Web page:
The increase in the neuronal cell body area in rats with chronic diabetes may be the result of neuronal edema. The aldose reductase hyperactivity observed in diabetes is associated with increased levels of sorbitol which increases the intracellular osmolarity, resulting in edema and neuronal lesions.
The EGb 761 treatment induced a reduction of 6.8% in the mean area of the cell body in the jejunum myenteric neurons in DT when compared to C (P < 0.05). The mean area of the cell body of submucosal neurons decreased 6.2% in group DT when compared to C (P < 0.05). The mean area of the cell body of myenteric and submucosal neurons in the ileum in DT was reduced to values similar to group C. Schneider et al observed that the EGb 761 treatment reduced the mean area of myenteric neuronal cell bodies in the jejunum and ileum of aging rats. However, studies by Perez et al in the large intestine treated with EGb 761 at a dose of 50 mg/kg of body weight observed that the EGb 761 extract promotes an increase in the mean area of myenteric neurons in rats in the aging process. These results show that the response to the use of antioxidants such as the Gingko biloba extract may be different according to the segment evaluated.
This study showed that treatment with Ginkgo biloba extract reduced the area of the cell body of myenteric and submucosal neurons in the jejunum and ileum of diabetic-treated rats (group DT) when compared to non-treated diabetic rats (group D). However, the reduction in the mean area of the cell body of myenteric neurons in the ileum was not significant. The inhibitory action of Ginkgo biloba on aldose redutase enzyme activity may be responsible for the reduction in the mean area of neuronal cell bodies observed in rats treated with EGb 761 (DT group).
In conclusion, our results show that the 50 mg/kg of body weight dose of standardized Ginkgo biloba extract (EGb761) has a neuroprotective effect on the ileum myenteric plexus and on the jejunum submucous plexus of STZ-diabetic rats.
Gingko biloba extract possesses various biological activities and has been shown to be useful in diabetes treatment. Oxidative stress has been known to play an important role in the development and progression of diabetes mellitus (DM), and reactive oxygen species (ROS) production is a direct consequence of hyperglycemia. Chronic hyperglycemia in diabetes is involved in direct neuronal damage caused by intracellular glucose which leads to altered neurotransmitter functions and reduced motor activity. Oxygen free radicals are also thought to play an important role in the diabetic and hypoxic condition of cells. Success of Ginkgo biloba application is determined by its main active substances, flavonoids (flavone glycosides, primarily composed of quercetin) and terpenoids (ginkgolides and bilobalides). Ginkgo biloba can improve hemodynamics, scavenge ROS, suppress platelet-activating factor (PAF) and relax vascular smooth muscle.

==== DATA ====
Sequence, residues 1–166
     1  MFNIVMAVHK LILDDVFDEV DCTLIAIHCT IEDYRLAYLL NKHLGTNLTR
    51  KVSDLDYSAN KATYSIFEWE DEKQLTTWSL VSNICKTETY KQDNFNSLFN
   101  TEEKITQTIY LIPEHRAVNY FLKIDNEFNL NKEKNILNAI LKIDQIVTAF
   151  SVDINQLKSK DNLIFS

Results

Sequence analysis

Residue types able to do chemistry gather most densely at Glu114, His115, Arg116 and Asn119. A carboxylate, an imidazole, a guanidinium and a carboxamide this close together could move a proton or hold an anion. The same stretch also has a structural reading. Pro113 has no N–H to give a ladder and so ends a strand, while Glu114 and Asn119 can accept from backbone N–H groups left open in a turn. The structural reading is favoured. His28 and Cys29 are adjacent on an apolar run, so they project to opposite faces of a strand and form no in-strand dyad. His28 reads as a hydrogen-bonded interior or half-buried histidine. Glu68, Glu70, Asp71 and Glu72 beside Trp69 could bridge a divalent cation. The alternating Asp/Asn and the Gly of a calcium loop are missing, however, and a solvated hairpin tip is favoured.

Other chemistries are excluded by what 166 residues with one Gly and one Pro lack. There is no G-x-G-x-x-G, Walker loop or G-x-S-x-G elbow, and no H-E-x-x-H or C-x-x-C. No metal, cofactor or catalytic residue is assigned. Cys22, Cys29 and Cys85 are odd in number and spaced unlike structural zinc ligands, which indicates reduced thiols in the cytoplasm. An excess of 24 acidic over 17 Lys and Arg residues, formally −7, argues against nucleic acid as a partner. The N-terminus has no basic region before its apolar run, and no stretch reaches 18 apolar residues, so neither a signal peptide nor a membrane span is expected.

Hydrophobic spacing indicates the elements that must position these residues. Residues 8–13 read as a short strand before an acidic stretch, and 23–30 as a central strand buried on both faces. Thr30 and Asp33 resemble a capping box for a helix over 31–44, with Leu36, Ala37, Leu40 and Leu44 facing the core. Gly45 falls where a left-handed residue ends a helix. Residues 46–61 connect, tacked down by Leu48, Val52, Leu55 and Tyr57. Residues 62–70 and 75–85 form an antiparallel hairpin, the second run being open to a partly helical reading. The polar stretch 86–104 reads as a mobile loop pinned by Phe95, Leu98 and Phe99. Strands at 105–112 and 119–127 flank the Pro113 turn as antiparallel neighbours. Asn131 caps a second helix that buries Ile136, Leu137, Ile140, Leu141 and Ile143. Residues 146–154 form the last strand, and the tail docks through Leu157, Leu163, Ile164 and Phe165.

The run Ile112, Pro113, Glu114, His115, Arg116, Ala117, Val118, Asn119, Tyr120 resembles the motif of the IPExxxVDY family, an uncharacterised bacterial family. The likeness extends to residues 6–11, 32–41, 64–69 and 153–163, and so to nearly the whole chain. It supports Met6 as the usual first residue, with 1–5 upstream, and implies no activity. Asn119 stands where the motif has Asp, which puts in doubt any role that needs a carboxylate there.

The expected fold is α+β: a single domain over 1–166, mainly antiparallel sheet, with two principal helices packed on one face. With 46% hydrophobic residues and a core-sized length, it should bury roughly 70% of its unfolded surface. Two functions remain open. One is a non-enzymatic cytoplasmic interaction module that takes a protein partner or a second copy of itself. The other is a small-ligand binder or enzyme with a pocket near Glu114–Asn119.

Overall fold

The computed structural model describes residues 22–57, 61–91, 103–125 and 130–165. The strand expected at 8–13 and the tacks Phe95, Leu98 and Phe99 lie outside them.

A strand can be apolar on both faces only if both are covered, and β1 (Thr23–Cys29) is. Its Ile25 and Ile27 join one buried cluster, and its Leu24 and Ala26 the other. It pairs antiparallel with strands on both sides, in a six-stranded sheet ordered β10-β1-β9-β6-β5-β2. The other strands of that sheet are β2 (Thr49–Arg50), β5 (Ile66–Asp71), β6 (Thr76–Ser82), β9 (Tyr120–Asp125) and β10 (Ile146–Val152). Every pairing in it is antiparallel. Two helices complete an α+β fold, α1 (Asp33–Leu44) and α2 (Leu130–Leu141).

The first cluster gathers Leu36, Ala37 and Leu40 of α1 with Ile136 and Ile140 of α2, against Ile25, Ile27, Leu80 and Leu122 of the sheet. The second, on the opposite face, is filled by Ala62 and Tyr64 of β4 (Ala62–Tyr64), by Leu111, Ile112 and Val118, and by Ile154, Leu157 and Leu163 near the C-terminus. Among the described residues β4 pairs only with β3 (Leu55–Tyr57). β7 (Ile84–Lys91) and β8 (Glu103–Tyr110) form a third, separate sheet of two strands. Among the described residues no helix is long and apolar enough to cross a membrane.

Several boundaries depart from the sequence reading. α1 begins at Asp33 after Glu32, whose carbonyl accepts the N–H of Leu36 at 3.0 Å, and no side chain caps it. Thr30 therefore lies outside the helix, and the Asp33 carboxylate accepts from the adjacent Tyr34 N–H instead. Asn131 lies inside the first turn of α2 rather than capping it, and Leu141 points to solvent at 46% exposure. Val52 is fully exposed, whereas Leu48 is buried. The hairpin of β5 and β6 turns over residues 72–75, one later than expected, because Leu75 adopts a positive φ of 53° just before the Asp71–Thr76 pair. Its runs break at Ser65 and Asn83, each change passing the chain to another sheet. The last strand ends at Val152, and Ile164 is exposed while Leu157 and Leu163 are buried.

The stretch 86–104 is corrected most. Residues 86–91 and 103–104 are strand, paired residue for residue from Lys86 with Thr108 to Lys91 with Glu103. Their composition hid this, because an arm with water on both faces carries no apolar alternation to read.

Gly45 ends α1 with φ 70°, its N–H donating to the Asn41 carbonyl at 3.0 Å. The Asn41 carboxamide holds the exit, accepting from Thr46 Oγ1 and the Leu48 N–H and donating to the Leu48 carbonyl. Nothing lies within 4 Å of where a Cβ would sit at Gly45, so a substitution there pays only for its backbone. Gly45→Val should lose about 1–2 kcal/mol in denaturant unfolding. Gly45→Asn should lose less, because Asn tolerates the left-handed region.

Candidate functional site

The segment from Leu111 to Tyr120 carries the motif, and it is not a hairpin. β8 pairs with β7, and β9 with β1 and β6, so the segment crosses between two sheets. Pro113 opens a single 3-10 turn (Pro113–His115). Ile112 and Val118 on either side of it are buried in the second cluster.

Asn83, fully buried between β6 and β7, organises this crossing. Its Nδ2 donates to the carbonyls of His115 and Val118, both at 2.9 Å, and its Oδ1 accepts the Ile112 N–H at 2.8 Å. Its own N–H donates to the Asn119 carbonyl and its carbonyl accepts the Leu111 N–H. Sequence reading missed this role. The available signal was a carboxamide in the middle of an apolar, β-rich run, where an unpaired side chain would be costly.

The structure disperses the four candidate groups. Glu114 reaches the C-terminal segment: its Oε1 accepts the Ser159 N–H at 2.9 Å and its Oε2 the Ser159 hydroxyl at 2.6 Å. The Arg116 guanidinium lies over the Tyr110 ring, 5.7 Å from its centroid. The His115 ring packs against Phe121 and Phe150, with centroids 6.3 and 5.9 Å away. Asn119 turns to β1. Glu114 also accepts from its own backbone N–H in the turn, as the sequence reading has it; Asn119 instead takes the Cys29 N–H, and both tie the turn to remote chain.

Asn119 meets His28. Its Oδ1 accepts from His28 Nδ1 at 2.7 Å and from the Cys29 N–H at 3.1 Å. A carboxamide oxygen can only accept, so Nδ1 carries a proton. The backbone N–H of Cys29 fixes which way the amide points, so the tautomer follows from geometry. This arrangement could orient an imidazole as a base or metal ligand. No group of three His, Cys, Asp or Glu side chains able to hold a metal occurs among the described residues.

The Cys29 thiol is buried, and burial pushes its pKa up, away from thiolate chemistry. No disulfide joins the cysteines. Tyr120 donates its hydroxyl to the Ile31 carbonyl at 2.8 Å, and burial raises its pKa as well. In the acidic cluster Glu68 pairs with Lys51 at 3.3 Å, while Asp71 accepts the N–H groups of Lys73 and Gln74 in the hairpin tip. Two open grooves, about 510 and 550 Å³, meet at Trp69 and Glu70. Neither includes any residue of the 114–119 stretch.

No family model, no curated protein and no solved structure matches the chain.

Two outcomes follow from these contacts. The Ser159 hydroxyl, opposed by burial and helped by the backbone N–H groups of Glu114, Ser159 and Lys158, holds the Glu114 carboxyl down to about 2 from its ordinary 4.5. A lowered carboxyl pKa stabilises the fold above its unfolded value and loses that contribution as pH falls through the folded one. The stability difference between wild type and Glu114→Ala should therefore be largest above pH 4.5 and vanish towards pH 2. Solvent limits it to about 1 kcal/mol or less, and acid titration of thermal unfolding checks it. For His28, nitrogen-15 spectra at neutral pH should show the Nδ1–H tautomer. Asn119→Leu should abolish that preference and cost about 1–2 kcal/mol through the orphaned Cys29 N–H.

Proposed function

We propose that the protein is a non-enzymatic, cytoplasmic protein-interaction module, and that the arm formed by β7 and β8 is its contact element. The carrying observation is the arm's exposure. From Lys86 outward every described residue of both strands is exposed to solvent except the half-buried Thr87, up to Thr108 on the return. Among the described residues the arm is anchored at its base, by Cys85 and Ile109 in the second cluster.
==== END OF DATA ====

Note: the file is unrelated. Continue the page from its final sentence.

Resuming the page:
Gastrointestinal (GI) afflictions are not normally life threatening but do profoundly affect quality of life. Diabetic patients experience a wide range of GI discomforts including nausea, vomiting, heartburn, diarrhea, constipation, abdominal pain and fecal incontinence. The high morbidity, high socioeconomic costs and lack of specific treatments are key factors that define the relevance of DM for human health and the importance of research on neuronal protective agents. Some studies provide a strong case for the application of Ginkgo biloba in diabetic nephropathy therapy.
Ginkgo biloba has been ascertained to be protective against DM. However, there has been little in the literature reporting on the protective effects of Ginkgo biloba on the enteric nervous system of the small intestine of streptozotocin-induced diabetic rats in vivo.
This study indicated that standardized extract of Ginkgo biloba (EGb 761) could improve antioxidant ability and protect the enteric nervous system of the small intestine of streptozotocin-induced diabetic rats in vivo. These biological activities have considerable potential in diabetes mellitus treatment.
The authors investigated the effect of Ginkgo biloba extract on the enteric neurons on the small intestine of diabetic rats. They found purified Ginkgo biloba extract has a neuroprotective effect on the jejunum submucous plexus and the myenteric plexus of the ileum of diabetic rats. This is a well written paper.
Peer reviewer: Claudio Daniel Gonzalez, MD, Professor of Pharmacology, Department of Pharmacology, CEMIC University Hospital, Buenos Aires, Argentina
S- Editor Tian L L- Editor Logan S E- Editor Zheng XM